When it comes to divorce, California is a ‘no fault’ state. This means that if one spouse wants to get a divorce, or dissolve the marriage, he/she has an absolute right to do so. If the spouse files a “petition for dissolution of marriage” with the court, the court must terminate the marriage without consideration of wrongdoing or whether one party is more responsible or at fault for the end of the marriage than the other.
Dissolution of Marriage in California
There are two legally acceptable bases for the dissolution of a marriage in California. Either party may claim that there are “irreconcilable differences”, in other words, you don’t get along. As an experienced family law attorney in Los Angeles will explain, proof of these differences is not necessary. The other (seldom, if ever used) basis for a divorce in California is “incurable insanity” — although many people want to use this ground! This requires medical proof that your spouse was insane when the petition was filed and remains incurably insane.
If you are wondering where to file for divorce, know that California (like many other states) does have a residency requirement. In other words, you or your spouse must have lived in California for 6 months and in the county in which you are filing for 3 months before filing a petition to dissolve your marriage. If you and your spouse separated and now live in different counties, you can file in either county. Your Los Angeles divorce lawyer will help you determine the most appropriate county for you to file in. Even if you don’t meet the residency requirements, you can still file a Petition for Legal Separation and change it to a divorce Petition when you do meet the residency requirements. Under the Petition for Legal Separation you can get all of the same relief as if you filed for divorce – except the divorce itself.
Steps for Filing for Divorce in California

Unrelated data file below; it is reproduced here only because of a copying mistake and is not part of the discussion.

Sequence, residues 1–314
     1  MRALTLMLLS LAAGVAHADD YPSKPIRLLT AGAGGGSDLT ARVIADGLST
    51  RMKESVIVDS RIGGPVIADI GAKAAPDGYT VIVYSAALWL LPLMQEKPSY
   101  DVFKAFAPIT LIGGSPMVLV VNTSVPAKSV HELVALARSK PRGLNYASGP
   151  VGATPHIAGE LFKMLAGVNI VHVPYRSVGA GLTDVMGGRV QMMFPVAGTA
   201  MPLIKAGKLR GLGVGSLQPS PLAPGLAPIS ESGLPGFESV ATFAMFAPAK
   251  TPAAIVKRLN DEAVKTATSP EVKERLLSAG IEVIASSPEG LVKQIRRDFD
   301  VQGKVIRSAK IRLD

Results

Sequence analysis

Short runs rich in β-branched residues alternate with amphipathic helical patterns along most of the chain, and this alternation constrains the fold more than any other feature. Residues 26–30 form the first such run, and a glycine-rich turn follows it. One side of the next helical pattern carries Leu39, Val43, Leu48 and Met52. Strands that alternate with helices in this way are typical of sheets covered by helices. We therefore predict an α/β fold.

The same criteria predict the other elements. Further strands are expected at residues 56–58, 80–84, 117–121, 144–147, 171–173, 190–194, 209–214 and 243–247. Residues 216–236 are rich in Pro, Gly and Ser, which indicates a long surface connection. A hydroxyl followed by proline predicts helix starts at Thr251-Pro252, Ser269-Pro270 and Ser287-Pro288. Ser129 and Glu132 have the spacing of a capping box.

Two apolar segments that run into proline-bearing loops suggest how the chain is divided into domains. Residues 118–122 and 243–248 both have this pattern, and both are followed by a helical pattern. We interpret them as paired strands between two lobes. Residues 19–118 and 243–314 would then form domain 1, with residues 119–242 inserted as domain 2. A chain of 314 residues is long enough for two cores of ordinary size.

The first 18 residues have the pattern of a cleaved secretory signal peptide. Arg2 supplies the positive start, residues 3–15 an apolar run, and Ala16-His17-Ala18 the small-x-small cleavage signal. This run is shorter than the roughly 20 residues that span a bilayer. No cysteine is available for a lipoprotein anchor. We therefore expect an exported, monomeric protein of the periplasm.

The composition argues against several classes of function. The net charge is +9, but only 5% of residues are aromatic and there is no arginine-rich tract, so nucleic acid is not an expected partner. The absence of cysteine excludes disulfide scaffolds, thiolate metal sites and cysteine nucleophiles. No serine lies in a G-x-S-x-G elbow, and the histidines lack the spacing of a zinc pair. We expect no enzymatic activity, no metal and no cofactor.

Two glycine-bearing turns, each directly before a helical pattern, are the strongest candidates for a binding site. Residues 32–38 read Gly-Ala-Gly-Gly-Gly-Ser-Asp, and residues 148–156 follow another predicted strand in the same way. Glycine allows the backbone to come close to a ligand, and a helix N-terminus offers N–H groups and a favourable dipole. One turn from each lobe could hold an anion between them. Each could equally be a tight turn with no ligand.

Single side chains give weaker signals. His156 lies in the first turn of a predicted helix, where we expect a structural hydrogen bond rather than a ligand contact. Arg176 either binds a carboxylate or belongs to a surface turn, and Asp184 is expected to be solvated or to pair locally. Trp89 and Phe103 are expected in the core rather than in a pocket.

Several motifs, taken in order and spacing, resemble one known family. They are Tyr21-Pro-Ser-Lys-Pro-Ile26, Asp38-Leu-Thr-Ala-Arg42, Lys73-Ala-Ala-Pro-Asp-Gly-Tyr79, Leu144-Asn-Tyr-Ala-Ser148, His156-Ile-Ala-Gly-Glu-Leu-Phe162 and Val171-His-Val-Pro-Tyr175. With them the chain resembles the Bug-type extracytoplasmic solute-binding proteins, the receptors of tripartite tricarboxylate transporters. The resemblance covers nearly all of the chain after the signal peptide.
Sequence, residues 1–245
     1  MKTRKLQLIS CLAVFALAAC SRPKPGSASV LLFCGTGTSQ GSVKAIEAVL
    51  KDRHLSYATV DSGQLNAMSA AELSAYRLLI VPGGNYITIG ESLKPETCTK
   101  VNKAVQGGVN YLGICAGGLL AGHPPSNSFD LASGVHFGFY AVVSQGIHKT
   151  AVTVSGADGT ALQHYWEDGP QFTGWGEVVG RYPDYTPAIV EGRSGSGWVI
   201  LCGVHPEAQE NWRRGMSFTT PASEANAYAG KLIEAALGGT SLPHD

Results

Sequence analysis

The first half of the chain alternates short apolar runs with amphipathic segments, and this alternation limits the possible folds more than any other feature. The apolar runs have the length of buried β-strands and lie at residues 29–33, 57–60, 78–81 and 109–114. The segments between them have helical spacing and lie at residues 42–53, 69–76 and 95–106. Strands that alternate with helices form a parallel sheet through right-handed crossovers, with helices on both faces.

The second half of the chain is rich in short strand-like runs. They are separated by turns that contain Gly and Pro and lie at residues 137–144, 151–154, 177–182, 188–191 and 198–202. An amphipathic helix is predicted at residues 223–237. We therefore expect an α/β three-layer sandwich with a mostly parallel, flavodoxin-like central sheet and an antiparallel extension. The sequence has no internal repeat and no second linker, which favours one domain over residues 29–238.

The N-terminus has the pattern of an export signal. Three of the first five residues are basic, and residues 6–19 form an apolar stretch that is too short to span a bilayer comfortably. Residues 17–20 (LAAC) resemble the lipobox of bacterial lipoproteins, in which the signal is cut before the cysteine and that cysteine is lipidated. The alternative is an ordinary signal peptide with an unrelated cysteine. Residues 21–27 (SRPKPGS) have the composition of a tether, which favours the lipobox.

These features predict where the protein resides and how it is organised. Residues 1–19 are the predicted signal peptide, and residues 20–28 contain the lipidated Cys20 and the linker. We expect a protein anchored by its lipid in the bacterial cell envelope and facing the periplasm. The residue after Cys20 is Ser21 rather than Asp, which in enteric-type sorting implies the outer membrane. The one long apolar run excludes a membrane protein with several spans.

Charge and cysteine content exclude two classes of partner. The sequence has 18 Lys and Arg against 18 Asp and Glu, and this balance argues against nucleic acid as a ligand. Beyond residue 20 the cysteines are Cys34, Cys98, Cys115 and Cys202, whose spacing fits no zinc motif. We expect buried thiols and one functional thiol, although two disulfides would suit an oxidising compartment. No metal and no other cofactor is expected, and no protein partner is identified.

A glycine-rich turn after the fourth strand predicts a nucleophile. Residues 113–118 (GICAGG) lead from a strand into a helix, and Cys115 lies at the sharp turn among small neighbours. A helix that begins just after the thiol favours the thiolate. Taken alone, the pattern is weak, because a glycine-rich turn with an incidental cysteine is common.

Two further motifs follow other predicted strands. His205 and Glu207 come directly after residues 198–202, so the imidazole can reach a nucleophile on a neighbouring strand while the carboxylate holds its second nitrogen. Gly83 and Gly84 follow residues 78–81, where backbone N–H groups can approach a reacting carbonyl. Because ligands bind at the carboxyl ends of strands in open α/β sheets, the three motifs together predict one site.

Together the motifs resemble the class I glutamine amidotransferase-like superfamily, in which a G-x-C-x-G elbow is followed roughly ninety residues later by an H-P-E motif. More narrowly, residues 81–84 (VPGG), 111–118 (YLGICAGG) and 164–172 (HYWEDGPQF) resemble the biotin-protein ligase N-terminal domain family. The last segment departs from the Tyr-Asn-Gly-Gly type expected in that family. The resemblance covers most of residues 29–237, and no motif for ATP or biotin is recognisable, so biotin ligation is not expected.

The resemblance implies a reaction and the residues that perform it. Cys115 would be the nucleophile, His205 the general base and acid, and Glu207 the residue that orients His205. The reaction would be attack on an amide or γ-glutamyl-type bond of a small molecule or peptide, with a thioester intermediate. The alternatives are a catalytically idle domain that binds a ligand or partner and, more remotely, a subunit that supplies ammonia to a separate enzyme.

- File the Appropriate Forms
As petitioner (the spouse to file the first petition with the court), you must fill out and file with the court clerk a “Petition-Marriage” (form FL-100) and a “Summons” (form FL-110). If you and your soon-to-be-ex spouse had children, you must also fill out and file a “Declaration Under Uniform Child Custody Jurisdiction and Enforcement Act” (form FL-105).
- Serve the Forms
Your spouse (the respondent) must be officially served with the proper paperwork by an individual (not yourself) over the age of 18. Included will be copies of the Summons and Petition along with a blank “Response-Marriage” (form FL-120). The person who provided service must file a “Proof of Service of Summons” (form FL-115) with the court telling when and how the respondent was served. Your spouse then has 30 days to file and serve a “Response.” If a response is not filed, you can move forward with a proposed “Judgment” (form FL-180).
- Disclose Financial Information
Within 60 days of filing the Petition, you must fill out a “Declaration of Disclosure” (form FL-140), “Income and Expense Declaration” (form FL-150), “Schedule of Assets and Debts” (form FL-142), and “Property Declaration” (form FL-160) and provide tax returns from the previous two years on the respondent. If this seems overwhelming, do not despair. An experienced family lawyer can walk you step by step through the process. Note that if your spouse files a response, he/she must also complete and serve the same disclosure documents on the petitioner within 60 days of filing the response.
While these disclosure documents need not be filed with the court, each party must file a “Declaration Regarding Service of Declaration of Disclosure and Income and Expense Declaration” (form FL-141) with the court saying that disclosures were served to each other.
For more information on how to file for divorce in California, or to discuss your specific situation with experts in the field of family law, contact the Los Angeles family lawyers at Walzer & Melcher today.
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